What every businessmen should know about trademarks and service marks

Trade Marks and Service Marks are primarily used to distinguish goods/services of one trader from those of another and prevent confusion. A trade mark /service mark is identified with the business and sets it apart from other competitors. It generates goodwill and reputation for the business by virtue of its quality and distinctiveness.

Selection of a mark: The mistakes the owner makes while selecting or using a trade mark / service mark can result in loss of business and expenses.

The first step every business should take is to be very careful in selecting a trade mark / service mark.

-avoid marks that are descriptive or generic

-avoid surnames

-avoid marks that are similar to other marks

-avoid geographical names like Mumbai

-avoid laudatory words like best, good

-avoid words that have a direct reference to the character or quality or kind (extra large, small) or purpose (slim and fit for slimming products or rust free for paint) of the product

-avoid numerals like 20, 12

-avoid marks that are commonly used in the trade in respect of the said goods/services

-avoid misspellings like Xtra for Extra. If Extra is objectionable, Xtra will also be objectionable

-select a mark that is easy to pronounce and remember

-avoid marks that contain scandalous or obscene matter

-avoid marks that are specifically prohibited from registration

This list is not, however, exhaustive.

Types of marks:

Generic marks are those that are names of the product or service itself and cannot be used to distinguish one person’s goods/services from those of another. Such marks can never be protected eg. Ice-cream for ice-cream.

Descriptive marks are those that describe the product or the services offered under the mark. Normally the first instinct is to select a mark that describes the nature of the business as the owner feel that the consumer will immediately relate to it. These are extremely weak marks and may never pass the threshold for registration. Eg. Creamy for ice-cream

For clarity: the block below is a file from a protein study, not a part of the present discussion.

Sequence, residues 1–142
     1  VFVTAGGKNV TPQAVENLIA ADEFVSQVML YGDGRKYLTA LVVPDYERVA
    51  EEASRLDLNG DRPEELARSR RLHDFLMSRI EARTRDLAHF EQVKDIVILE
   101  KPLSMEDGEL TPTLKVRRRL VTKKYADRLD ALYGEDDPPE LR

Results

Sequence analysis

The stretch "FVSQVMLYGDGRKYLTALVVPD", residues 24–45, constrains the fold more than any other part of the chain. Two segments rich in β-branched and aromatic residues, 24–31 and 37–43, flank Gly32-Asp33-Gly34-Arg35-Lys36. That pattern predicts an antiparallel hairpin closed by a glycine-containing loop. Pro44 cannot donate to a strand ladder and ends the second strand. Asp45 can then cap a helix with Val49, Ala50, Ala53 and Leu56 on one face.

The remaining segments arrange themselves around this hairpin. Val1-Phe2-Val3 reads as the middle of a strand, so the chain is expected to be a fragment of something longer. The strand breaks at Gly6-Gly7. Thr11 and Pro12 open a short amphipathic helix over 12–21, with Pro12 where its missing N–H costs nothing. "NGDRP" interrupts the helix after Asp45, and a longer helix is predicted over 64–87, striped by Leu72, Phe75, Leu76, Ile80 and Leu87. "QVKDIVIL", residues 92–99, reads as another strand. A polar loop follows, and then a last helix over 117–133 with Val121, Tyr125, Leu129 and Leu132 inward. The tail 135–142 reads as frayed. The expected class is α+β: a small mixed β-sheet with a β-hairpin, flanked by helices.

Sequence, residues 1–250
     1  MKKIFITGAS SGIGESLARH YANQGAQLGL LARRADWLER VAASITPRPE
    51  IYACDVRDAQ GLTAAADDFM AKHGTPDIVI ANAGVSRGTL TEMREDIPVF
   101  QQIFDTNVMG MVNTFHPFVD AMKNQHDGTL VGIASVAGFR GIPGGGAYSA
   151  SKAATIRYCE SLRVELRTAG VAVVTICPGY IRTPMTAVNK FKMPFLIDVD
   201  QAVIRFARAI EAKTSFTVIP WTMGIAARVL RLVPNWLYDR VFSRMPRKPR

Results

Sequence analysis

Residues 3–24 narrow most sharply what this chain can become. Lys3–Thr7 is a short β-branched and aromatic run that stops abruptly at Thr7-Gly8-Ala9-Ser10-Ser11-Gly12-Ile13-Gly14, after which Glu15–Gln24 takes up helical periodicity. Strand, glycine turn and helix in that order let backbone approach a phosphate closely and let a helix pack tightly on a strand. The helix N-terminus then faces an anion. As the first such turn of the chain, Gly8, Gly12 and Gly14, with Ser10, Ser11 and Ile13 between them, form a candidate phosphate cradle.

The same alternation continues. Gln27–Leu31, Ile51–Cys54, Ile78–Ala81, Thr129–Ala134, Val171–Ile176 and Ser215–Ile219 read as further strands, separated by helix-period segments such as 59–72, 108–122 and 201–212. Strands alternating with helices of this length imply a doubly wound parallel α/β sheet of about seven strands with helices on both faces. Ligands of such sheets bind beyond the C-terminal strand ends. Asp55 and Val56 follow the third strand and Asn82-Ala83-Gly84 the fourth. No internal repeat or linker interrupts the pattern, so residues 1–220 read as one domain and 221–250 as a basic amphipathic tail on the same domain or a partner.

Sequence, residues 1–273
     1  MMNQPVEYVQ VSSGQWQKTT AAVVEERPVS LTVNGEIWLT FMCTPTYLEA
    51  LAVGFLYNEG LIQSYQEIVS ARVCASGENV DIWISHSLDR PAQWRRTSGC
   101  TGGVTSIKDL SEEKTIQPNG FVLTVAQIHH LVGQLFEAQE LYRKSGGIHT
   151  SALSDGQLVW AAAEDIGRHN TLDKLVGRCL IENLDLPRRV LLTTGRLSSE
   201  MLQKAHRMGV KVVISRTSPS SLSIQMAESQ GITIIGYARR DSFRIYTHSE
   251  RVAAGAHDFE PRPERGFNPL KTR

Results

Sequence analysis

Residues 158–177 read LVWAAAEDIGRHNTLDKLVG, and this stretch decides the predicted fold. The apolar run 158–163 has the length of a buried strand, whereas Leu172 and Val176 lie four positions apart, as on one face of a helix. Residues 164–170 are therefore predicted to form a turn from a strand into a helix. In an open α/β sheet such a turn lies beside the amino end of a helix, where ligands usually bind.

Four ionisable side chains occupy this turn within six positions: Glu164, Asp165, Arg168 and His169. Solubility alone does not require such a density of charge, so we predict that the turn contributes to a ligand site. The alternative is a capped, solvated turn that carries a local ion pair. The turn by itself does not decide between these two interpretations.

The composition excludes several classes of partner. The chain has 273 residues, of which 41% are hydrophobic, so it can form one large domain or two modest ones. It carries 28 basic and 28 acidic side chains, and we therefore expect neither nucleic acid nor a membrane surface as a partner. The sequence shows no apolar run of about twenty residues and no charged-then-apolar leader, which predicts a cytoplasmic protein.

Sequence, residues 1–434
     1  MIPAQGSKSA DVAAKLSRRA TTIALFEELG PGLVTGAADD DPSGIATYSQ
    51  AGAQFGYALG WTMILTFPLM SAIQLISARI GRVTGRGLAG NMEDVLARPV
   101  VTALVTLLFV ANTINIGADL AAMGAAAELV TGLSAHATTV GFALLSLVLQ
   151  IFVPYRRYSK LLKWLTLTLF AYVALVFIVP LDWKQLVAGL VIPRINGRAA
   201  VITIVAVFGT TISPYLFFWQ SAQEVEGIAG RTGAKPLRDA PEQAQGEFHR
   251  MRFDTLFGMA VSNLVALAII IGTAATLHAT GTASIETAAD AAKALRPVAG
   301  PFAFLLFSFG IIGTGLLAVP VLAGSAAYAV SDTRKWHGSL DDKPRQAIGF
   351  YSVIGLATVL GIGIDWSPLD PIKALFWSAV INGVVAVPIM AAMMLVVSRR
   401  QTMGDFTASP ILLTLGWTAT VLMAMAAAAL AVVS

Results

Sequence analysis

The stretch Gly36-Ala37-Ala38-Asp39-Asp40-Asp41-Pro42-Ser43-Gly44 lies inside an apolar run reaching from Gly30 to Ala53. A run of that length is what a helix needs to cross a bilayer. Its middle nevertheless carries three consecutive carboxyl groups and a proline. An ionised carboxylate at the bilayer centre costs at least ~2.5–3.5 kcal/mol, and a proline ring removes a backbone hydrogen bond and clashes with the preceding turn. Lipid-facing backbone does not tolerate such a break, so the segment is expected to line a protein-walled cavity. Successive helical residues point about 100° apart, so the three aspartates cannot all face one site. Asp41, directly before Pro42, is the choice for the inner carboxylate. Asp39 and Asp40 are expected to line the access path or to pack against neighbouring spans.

Fanciful marks are considered the strongest marks and give the best protection. These marks do not have any dictionary meaning and are unknown in any language eg. Kodak.

Arbitrary marks are also strong marks and comprise of words that are commonly used but do not describe the products or services or its quality or characteristics.eg. Apple for computers.

Suggestive marks are not altogether descriptive but only suggest or make one think about what the products or service might be. eg. Airbus.

Ownership of a Mark: How does a person acquire ownership of a mark? Ownership can be acquired in different ways – by registration, by purchase, by use, by inheritance, etc.

Once a mark is registered it is valid for a period of 10 years from the date of filing of the application for registration. The mark can be renewed indefinitely for a period of 10 years at a time.

Trade Mark rights are territorial, which means that protection is available in the country where the mark is registered or used.

Protection of a mark: is very crucial to every business since it represents the the goodwill, brand value and reputation of the business. Protection is important to safeguard against infringers and dilution of the mark. When unauthorized use of a mark by someone other than the proprietor results in confusion or diminishes or tarnishes its image, it causes the mark to be diluted. If left unchecked, dilution of a mark can ultimately result in its death and loss in of business.

If you are confused or require any additional information you may visit our website www.rgajria.com for more information or contact us to talk to one of our experienced attorneys.

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